After a coronavirus strain in Beijing’s recent cases was reportedly found to be the same as a variant in the UK, public concern arose over the effectiveness of Chinese vaccines, especially after scientists found that new variants in the UK, South Africa and Brazil are more infectious than the original one.
A source at China’s leading producer Sinovac brought encouraging news to the Global Times on Wednesday, saying that preliminary results showed antibodies given by Sinovac’s dose can neutralize the UK and the South African variants, though a detailed report by scientists has not yet been published.
Chinese scientists are working with vaccine producers to study mutations, and lab studies are underway to understand the potential threat to Chinese vaccines.
All three variants in the UK, South Africa and Brazil have developed changes to the spike protein – a key part that attaches the virus to human cells. The UK variant has been found in more than 60 countries, according to the World Health Organization, while the South Africa variant has been detected in more than 20 nations.
The anti-epidemic work can be more difficult as the mutated forms of the virus spread more easily, Feng Zijian, a deputy director of the Chinese Centers for Disease Control and Prevention (CDC), said at a press conference on Wednesday.
Feng stressed that the mutations have not been found to cause significant changes in either virulence or the antigenicity of the coronavirus.
As China faces its largest annual human migration during the upcoming Spring Festival holidays, experts call for stricter prevention and control measures to contain the high risk of the virus being spread.
Chinese vaccines show preliminary effect against most variants like the ones from the UK and South Africa, whereas a similar conclusion for the Brazil variant still requires further tests, experts said.
The test against the Brazil variant may start soon if scientists obtain the real variant strain from imported cases, said the source, noting that the lab study requires high-level facilities such as Biosafety Level 3 laboratories.
Zhang Yuntao, a vice president and chief scientist of another leading manufacturer China National Biotec Group, said on Wednesday that current data shows the group’s inactivated COVID-19 vaccines can protect recipients from various existing coronavirus variants from the UK, South Africa and Nigeria.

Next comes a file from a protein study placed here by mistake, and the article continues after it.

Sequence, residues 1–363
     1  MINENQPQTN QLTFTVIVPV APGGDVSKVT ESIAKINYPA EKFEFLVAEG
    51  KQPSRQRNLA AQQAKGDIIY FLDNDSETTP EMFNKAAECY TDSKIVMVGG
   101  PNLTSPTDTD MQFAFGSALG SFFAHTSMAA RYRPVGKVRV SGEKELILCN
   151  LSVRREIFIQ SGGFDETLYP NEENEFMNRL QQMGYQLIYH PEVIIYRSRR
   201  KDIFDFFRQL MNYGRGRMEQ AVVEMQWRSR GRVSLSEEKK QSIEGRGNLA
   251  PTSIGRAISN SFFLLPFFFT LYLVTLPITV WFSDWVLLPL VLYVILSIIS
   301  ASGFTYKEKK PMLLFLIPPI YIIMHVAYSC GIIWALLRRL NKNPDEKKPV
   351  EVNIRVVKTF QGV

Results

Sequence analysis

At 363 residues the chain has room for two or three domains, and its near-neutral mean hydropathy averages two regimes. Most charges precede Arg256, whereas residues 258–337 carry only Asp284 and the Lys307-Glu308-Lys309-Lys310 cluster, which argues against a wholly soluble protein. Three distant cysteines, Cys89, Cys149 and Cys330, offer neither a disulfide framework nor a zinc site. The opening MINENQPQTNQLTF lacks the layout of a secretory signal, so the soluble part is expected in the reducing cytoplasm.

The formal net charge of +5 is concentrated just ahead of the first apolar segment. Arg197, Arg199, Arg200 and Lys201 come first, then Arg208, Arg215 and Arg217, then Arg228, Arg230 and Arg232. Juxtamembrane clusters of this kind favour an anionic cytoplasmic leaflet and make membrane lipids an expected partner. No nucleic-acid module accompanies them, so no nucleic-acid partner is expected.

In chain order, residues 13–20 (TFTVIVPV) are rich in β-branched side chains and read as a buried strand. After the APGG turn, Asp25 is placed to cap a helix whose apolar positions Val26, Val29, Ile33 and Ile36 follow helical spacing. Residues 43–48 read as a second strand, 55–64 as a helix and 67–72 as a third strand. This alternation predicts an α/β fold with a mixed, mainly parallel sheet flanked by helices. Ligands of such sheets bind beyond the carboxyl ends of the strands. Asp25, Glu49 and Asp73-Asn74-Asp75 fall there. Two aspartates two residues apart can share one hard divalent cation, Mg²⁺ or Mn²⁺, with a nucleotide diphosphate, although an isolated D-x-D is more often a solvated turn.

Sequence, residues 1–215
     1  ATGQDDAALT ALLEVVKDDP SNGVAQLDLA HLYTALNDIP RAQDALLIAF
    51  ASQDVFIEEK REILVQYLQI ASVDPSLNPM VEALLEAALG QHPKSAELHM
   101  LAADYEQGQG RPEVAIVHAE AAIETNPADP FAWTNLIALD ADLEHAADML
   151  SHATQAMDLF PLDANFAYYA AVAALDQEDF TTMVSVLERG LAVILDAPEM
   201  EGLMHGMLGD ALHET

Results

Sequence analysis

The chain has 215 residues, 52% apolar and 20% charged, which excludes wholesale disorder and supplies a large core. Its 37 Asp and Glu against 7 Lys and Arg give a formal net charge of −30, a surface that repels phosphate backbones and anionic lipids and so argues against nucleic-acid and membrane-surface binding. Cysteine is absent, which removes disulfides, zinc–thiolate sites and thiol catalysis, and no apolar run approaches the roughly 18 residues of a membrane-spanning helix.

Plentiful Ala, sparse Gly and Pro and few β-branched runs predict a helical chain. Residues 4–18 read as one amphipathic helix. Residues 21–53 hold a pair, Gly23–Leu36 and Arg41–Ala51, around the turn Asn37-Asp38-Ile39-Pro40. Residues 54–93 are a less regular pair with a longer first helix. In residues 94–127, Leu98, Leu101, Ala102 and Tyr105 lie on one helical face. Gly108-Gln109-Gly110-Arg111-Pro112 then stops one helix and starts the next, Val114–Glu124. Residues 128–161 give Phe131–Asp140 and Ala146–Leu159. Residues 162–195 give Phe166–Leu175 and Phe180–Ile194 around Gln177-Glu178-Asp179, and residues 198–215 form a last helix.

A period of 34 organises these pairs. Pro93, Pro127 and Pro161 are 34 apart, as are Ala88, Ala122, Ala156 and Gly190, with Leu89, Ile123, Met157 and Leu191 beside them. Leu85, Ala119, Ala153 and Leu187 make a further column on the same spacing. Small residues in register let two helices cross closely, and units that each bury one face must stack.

Chinese health department official Zeng Yixin said on January 9 the Chinese joint prevention and control mechanism moved swiftly and has established a specialized research group on the variant.
Compared with other types of vaccines, inactivated vaccines and mRNA vaccines are the two that respond most quickly and effectively to mutations, Shao Yiming from the China CDC, who was involved in China’s COVID-19 vaccine approval, told the Global Times on Thursday.
Even in the worst case, the inactivated vaccines could be redesigned and tweaked for a better fit in no longer than three months, if necessary, said Shao. “But other technological routes may not be as fast.”
“In theory, an mRNA vaccine can have more advantage against the variant. Both the humoral and cellular immune responses to RNA, compared with only the humoral immune response to inactivated vaccines, is more like a double-edged sword to deal with potential variation,” Zhuang Shilihe, a Guangzhou-based clinician who closely studies vaccines, told the media on Thursday.
Moreover, a key advantage of mRNA is that it can be redesigned and manufactured to respond to changing strains in the shortest possible time, which other types can hardly achieve, Zhuang said.
Vaccine giants Pfizer and BioNTech announced on Wednesday that their latest study shows the antibodies from people who have received their mRNA COVID-19 vaccine effectively neutralize coronavirus that has a key mutation that is also found in two highly transmissible strains.
Oxford scientists are preparing to design new versions of COVID-19 vaccines to deal with the risk of variants, media reported on Wednesday.
Scientists may see a similar scenario as that for flu vaccines, which change every year to cope with any changes in circulating viruses, Zhuang noted.